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Settlement deadline for quota auction extended

Settlement deadline for quota auction extended

Niël Terblanché

OPTIMISM about the N$627 936 827 as the potential revenue from the auction of the Namibian Government’s share of the annual Total Allowable Catch is waning after the deadline for the final settlement of bids on portions of has been extended with two days.


The Chief Public Relations Officer of the Ministry of Finance, Tonateni Shidhudhu, confirmed that the deadline for settlement of bids has been moved from 31 August to the 2 September in order to enable bidders to finalise payment.


Shidhudhu stated that should companies who were allocated lots with successful bids miss the settlement deadline on Wednesday that their allocation will be awarded to the next best bidder.


Settlement deadline quota auction extended potential revenue Namibian Government share annual Total Allowable


“Any missed payment of the allocation will be awarded to the next bidder in line and the entity that fails to pay will not be allowed to partake in other quota auctions for the next five years,” he said.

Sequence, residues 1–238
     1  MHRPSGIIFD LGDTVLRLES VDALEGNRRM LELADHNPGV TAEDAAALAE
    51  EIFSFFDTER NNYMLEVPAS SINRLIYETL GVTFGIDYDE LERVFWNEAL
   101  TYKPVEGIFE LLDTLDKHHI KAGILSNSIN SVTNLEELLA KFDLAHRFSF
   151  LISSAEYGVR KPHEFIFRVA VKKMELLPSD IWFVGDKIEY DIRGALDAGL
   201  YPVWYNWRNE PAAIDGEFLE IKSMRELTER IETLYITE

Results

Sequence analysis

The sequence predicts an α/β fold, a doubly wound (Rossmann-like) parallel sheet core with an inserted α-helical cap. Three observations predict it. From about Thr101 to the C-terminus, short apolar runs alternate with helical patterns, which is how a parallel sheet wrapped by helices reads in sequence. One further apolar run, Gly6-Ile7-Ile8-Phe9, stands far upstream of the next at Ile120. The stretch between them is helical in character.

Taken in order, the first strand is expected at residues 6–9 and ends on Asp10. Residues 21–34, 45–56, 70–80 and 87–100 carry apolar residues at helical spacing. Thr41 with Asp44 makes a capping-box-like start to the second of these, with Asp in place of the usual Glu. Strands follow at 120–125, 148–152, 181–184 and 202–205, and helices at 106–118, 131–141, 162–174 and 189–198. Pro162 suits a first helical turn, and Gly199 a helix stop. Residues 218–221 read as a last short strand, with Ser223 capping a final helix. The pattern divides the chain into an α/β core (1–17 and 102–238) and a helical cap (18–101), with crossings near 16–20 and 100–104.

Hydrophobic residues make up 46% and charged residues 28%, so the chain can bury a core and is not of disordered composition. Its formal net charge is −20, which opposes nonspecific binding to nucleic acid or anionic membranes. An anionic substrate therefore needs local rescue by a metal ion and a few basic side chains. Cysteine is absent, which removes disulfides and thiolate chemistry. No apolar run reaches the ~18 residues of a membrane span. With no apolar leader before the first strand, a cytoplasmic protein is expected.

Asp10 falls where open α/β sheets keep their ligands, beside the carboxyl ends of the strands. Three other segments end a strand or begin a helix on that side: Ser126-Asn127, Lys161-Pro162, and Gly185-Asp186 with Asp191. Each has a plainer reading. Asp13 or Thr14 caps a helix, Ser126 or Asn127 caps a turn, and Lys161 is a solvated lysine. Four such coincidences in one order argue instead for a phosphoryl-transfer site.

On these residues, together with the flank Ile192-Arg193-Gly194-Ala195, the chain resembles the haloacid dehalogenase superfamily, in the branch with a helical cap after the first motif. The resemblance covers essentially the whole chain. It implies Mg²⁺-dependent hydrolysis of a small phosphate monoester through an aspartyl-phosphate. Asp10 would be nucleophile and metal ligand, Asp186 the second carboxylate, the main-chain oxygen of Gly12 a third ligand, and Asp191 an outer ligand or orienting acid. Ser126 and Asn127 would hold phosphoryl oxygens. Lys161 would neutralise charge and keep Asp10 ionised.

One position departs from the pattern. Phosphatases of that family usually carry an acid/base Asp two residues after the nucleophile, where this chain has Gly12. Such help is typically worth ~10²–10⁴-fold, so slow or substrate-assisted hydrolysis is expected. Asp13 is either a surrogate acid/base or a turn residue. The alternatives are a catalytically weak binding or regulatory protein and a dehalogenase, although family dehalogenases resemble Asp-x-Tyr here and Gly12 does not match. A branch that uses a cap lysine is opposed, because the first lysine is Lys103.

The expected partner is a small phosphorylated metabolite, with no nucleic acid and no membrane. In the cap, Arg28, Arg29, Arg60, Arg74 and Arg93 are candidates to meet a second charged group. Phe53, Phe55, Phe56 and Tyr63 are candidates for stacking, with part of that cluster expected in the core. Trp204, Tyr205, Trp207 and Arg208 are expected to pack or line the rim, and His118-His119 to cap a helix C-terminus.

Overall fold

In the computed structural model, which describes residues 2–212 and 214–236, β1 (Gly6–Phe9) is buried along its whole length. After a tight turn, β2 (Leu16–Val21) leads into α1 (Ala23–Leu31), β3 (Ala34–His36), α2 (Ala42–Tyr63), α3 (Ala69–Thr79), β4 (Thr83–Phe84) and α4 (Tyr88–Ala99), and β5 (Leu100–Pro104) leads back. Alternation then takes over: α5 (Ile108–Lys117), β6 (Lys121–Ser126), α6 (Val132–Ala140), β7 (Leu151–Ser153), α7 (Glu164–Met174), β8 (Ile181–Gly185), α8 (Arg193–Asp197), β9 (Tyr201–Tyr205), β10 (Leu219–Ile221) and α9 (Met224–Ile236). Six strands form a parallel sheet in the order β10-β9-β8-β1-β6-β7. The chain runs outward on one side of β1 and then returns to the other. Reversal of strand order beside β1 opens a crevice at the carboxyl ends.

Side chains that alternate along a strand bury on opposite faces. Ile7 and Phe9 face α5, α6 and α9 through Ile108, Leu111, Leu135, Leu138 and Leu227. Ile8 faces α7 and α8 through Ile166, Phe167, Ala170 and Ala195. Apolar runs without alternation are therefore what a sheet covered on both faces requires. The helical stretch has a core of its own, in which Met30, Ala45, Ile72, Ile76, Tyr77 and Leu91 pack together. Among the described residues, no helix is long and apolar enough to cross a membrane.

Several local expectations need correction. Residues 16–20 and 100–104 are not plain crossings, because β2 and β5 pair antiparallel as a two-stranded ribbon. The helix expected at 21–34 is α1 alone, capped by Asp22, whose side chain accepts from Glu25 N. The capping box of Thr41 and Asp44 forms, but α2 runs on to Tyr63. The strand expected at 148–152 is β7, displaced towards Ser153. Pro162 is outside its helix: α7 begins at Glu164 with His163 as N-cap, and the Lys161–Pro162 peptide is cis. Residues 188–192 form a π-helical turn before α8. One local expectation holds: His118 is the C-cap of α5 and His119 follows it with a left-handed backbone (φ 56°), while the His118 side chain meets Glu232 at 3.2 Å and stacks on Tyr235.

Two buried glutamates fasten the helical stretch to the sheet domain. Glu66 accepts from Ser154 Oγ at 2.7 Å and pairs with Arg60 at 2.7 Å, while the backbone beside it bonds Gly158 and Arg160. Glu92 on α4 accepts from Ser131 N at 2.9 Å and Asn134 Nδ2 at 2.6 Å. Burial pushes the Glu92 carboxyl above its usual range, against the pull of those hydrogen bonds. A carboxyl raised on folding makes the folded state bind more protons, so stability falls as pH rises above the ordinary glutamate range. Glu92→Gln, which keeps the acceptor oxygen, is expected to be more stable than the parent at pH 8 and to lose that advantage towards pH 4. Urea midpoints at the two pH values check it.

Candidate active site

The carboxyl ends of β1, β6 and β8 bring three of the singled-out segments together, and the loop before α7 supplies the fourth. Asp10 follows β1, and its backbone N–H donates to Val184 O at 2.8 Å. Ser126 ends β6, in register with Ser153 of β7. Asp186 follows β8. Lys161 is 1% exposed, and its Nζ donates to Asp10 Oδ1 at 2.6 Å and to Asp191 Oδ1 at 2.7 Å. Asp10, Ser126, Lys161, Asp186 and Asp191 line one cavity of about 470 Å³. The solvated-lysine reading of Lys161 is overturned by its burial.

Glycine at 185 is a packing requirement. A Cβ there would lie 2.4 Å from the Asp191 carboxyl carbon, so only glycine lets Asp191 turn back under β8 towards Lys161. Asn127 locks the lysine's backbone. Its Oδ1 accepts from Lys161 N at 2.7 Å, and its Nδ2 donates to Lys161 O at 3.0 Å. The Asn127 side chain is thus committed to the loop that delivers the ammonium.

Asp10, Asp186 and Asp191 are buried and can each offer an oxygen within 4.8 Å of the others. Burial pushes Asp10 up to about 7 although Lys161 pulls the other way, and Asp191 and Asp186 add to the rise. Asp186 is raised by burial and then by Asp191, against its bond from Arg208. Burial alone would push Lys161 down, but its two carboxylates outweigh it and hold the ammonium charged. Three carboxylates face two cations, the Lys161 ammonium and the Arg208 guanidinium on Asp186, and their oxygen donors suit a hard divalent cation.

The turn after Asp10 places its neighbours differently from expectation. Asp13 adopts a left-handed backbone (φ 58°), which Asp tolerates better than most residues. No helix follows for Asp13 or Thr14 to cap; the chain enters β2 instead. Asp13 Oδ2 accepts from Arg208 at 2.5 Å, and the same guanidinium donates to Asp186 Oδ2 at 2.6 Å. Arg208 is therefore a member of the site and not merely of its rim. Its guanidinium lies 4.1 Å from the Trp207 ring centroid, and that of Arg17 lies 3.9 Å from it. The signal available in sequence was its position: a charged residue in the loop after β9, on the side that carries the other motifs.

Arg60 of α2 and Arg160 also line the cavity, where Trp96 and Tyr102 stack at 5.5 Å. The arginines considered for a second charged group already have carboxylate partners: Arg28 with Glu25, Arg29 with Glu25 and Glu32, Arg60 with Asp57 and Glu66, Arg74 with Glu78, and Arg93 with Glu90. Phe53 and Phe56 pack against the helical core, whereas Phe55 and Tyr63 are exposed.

Shidhudhu said that some of the bidders have indicated that they are still preparing payments which necessitated the extension of the deadline.


Some bidders paid up to N$25 000 per tonne of hake and more than N$19 000 per tonne for horse mackerel and the lots were allocated accordingly.


Meanwhile, it understood from the local fishing industry that the exorbitant prices paid per tonne are because some of the bidders were under the impression that they were buying processed products. Some of the bidders did not realise that they would still have to catch and process the lots they bought.


The price at which some of the lots were sold during the auction is far above what local processors would be able to sell their product.


One of the bidders was officially informed that his bid of N$13 750 per metric tonne for 3 000 metric tonnes of horse mackerel was successful. The bidder was further informed that he must make a payment of N$11 250 000 before the 2 September 2020 deadline.


A quick calculation from the statement issued by the Ericah Shafudah, the Ministry of Finance’s Executive Director, however, reveals that the bidder should in fact pay N$41 250 000 for the 3 000 tonnes of horse mackerel into the Treasury’s Bank of Namibia account.


At the conclusion of the auction, the Minister of Finance, Ipumbi Shiimi, announced that the treasury has potentially raised N$627 936 827 in revenue from bidders.


Shiimi, said that the auction far exceeded the N$315 366 400 which would have been the revenue if the quota was sold at reserve prices.


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